“A lot of this could have been avoided, “ remarked Harry if you had simply come to me for anything you might have needed, Dr. Magnus.”

“How come you actually advertise, as a specialist in the paranormal,” exclaimed Henry in mingled disgust and a bit of admiration at the nerve of a self-professed wizard. “I mean, no harm, no foul, but putting yourself out there like that.” Henry shrugged and then spread out his arms. “Well, just think about it for a sec or two.”

“What Mr. Foss is trying to say, is that given the times in which we live,” she paused and reached up to finger comb through the tangles in her long brown hair. “It shows nerve and a certain degree of bravado. It also dangerous and I was concerned that it might endanger yourself and others.”

“More than we’ve already been endangered?” demanded Harry.

“Hindsight gives one perfect clarity of vision when it is far too late to do anything about the given situation,” replied Helen as she idly stirred the plastic spoon in the cup of coffee that sat in front of her place at the table.

“Let me get this straight, “ Harry replied. “You’re a scientist specializing in the paranormal.” He paused as he chewed over his next words . “Is that not something of a contradiction in terms?”

“No. But I understand why one might believe that to be the case.” Helen sighed. “No offense is meant, Detective Murphy. But I had hoped to avoid an encounter with the police.”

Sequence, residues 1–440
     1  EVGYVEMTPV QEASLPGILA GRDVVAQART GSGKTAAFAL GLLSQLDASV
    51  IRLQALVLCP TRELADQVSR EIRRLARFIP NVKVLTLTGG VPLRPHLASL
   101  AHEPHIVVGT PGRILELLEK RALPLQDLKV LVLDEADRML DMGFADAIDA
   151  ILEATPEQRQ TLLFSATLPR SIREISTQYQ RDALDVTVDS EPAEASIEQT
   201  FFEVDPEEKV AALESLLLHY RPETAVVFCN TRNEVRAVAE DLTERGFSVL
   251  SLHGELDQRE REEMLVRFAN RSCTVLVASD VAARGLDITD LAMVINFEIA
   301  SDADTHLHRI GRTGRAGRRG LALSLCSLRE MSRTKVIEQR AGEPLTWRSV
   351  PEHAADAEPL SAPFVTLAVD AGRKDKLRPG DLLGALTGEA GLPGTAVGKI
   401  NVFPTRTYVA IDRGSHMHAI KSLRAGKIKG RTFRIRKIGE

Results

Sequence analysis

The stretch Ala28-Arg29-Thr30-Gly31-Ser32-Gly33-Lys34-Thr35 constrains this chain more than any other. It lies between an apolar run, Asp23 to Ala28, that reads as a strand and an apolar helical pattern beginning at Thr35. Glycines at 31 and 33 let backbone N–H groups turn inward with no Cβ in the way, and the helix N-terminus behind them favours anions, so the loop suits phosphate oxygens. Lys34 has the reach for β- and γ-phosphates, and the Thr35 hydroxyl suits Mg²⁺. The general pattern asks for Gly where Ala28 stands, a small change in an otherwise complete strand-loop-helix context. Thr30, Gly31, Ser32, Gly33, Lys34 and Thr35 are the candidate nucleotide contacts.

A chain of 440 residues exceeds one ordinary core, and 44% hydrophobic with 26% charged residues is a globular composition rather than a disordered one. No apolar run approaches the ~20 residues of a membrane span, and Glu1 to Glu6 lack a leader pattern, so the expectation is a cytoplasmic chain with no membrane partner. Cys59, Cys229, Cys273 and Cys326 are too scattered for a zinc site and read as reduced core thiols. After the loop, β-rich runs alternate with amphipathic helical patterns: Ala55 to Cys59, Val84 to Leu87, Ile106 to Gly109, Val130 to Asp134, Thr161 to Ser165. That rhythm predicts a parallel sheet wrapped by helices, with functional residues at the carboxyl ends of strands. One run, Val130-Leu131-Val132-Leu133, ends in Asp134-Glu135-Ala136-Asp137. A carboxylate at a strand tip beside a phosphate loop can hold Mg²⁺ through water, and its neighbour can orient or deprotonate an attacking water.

“My bad, Mom. Me maxima culpa,” muttered Ashley under her breath as she crunched the ice in her glass of Pepsi while at the same time refusing to make eye contact with any one person seated around the table for very long.

“Is that because you have something to hide?” demanded Murphy ignoring the girl whom she had categorized into the following area: rebellious teenager, troublemaker and a trouble-maker.

“Not in the way that someone in your position might suppose.“ Helen sighed and reached over across the table to make and hold on to eye contact with the other man. “Believe me when I say that given the delicate nature of my work and well, what’s that quaint expression, Will?”

“Huh,” replied a startled and rather agitated Will wondering how long it would be before the police detective decided that she had had enough of the bizarre and sometimes rather meandering explanations that their team routinely used to get the law off their backs or to prevent them from inquiring too closely into the activities of the Sanctuary. “I believe, Helen, that the expression that you’re looking for is: “It’s complicated.”

“Oh, I don’t know about that,” Murphy replied. “I’ve seen some strange things in my time. Try me.”

“Maybe some other time, Ma’am,” added Henry.

“I’ll have you know that I’m not the type to take ‘no for an answer,” Murphy replied.

“I realize that,” interrupted Will in more mollifying tones and then added. “We appreciate the help that you give Ashley down there in the abandoned tunnels, really we do. It’s just I guess, we’ll have to settle for less than satisfying answer, under the circumstances.”

“You the one they send in to sweet talk would-be crazies?” asked Harry in an attempt to defuse some but not all of the tension in the air. “The coffee’s getting cold and it really is good coffee, Colombian, I think.”

“Yes, it is good coffee, a dark roast, “ replied Will, “And to answer your previous question. Yes, I am, thank you very much.”

“Okay, okay,” Murphy replied. “I don’t have to like it. Officially I can’t well, I can’t imagine the reaction I’ll get when I submit my report, but then that’s more or less half the fun these days.”

“Dr. Magnus, the next time you feel like visiting the Windy City,” added Harry, “call ahead first or better yet, I can give you my business card.”

Helen Magnus nodded. “That would be acceptable.”